Eisentrager thus held - held beyond any doubt - that the Constitution does not ensure habeas for aliens held by the United States in areas over which our Government is not sovereign…. [The majority opinion] is a sheer rewriting of the case.… By blatantly distorting Eisentrager, the Court avoids the difficulty of explaining why it should be overruled. More broadly, and relevant to the Kennedy opinion, English common law has never held that the writ of habeas corpus extended beyond the sovereign territory of the Crown.
Unfortunately, that's not the case, either.
Johnson v. Eisentrager, 339 U.S. 763 (1950), was a major decision of the U.S. Supreme Court, where it decided that U.S. courts had no jurisdiction over German war criminals held in a U.S.-administered German prison. The prisoners had at no time been on American sovereign territory.
Now, is Guantanamo Bay US sovereign territory? Not exactly. But the Supreme Court addressed this in a way that is far more devastating to the Republican Party's shrill claims to the contrary:
The Government’s sovereignty-based test raises troubling separation-of-powers concerns, which are illustrated by Guantanamo’s political history. Although the United States has maintained complete and uninterrupted control of Guantanamo for over 100 years, the Government’s view is that the Constitution has no effect there, at least as to noncitizens, because the United States disclaimed formal sovereignty in its 1903 lease with Cuba. The Nation’s basic charter cannot be contracted away like this. The Constitution grants Congress and the President the power to acquire, dispose of,and govern territory, not the power to decide when and where its terms apply. To hold that the political branches may switch the Constitution on or off at will would lead to a regime in which they, not this Court, say “what the law is.” [SNIP] These concerns have particular bearing upon the Suspension Clause question here, for the habeas writ is itself an indispensable mechanism for monitoring the separation of powers.
although the Court is sensitive to the financial and administrative costs of holding the Suspension Clause applicable in a case of military detention abroad, these factors are not dispositive because the Government presents no credible arguments that the military mission at Guantanamo would be compromised if habeas courts had jurisdiction.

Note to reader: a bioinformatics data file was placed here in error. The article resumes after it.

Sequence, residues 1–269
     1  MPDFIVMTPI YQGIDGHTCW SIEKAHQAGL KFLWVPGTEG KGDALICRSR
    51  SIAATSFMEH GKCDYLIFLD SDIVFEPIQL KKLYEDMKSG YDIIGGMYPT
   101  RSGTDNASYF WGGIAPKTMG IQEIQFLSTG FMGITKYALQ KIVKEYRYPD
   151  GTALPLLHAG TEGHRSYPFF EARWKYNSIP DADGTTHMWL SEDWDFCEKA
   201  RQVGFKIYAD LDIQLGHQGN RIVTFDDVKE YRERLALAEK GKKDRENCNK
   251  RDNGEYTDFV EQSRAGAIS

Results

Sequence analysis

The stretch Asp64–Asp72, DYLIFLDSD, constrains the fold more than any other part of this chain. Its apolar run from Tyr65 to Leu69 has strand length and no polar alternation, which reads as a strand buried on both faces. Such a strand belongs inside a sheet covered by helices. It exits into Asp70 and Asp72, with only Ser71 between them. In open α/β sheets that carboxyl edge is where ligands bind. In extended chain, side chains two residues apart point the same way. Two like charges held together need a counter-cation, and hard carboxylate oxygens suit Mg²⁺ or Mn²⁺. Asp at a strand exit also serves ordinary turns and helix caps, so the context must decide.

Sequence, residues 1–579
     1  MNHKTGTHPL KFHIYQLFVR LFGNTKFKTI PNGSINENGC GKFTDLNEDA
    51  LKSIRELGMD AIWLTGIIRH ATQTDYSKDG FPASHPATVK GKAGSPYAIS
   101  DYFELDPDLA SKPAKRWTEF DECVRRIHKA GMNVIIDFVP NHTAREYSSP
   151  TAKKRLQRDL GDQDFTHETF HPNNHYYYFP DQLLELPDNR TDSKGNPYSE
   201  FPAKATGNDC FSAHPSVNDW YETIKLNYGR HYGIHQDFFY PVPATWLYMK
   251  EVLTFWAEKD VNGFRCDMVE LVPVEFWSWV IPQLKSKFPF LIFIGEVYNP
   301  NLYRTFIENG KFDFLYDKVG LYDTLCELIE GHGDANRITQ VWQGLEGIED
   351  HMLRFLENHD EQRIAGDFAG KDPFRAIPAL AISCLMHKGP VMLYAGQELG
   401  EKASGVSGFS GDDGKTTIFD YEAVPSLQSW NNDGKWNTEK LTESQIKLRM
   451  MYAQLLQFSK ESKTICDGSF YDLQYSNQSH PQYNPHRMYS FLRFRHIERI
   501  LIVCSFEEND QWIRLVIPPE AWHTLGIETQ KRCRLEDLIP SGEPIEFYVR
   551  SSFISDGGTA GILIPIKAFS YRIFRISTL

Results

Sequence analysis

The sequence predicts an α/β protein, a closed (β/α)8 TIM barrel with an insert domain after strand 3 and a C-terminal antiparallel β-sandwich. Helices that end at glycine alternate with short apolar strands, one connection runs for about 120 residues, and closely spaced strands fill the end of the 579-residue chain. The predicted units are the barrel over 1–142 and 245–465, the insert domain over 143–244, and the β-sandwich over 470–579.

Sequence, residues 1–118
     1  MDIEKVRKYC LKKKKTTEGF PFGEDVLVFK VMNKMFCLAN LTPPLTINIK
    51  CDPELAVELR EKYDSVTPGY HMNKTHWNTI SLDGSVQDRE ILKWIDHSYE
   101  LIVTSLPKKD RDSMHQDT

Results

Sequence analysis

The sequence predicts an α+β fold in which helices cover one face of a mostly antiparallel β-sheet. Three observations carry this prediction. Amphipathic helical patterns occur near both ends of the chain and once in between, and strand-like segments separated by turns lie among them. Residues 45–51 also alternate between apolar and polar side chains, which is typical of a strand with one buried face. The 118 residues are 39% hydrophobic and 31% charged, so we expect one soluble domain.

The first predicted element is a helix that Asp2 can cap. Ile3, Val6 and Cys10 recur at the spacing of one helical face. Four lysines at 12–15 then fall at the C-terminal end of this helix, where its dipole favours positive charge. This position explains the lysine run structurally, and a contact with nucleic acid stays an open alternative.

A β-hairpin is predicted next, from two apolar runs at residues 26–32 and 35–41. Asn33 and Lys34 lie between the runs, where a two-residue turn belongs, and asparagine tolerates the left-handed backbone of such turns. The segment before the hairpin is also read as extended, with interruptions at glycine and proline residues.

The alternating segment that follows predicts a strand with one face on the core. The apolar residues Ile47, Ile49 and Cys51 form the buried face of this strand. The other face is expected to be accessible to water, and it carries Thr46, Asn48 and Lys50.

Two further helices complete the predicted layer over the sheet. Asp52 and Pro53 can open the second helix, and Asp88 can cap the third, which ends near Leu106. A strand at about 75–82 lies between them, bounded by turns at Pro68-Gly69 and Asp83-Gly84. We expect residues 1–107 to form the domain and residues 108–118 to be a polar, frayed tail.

This pretty clear language and wording--the government didn't make its case. The Bush administration didn't argue effectively or base its actions in the rule of law. The Bush administration has traditionally relied upon a veritable who's who of incompetent lawyers and hacks and has sent, time after time, the wrong people with the wrong ideas to argue against the ideals of the United States of America. It does every single thing in a political context and has never acted in a legal or moral context. And it does them incompetently, sloppily and with a deranged glee. Who, in their right mind, would rise to defend such people?
This is the result of their brazen incompetence--a result that says that when you act from a craven political position, with no basis in the rule of law, you will get smacked down hard by institutions which exist to protect us from ourselves.
Wehner's article is just a failed attempt at making an argument that was settled long ago by people who would not recognize the intellectual dishonesty of today's sad parade of hacks and fools. Fortunately, we still have a Supreme Court which is actively protecting us from them.
Wehner goes on to make two more shrill points:
What Boumediene v. Bush is really all about, as Justice Roberts wrote, is control of federal policy regarding enemy combatants. That is another way of saying this case was about power - and Thursday’s decision was a power grab.
Upholding the rule of law and the writ of Habeas Corpus is not a "power grab." It is the explicit denial of the Bush Administration's power grab. Even the British in the time of Edward I could tell you that.
But if one is going to invent Constitutional rights out of thin air, it’s worth asking: What moral universe do Justices Kennedy, Breyer, Ginsburg, Stephens, and Souter inhabit when they are willing to manufacture constitutional rights for unlawful enemy combatants who want to slit the throats and watch innocent Americans bleed and die while at the same time uphold manufactured constitutional rights that allow people to abort innocent unborn children?
Curious that someone who wants to take away life would cite abortion to make their case, but when all you have left are shrill arguments that have no basis in the law, this is what you do--you demagogue, you shriek, you pound your fists, and you come up with some dishonest little argument that you hope--hope--will appeal to people who aren't paying close attention. If you're desperate to make your case, throw anything against the wall. Why stop at bringing up abortion? Why not bring Plessy v Ferguson into it? Bush v Gore? Brown v the Board of Education? Something has to stick, right?
The Justices in the majority invented no such constitutional rights--they merely upheld rights the Bush administration tried to take away. They protected us from ourselves. Deal with it.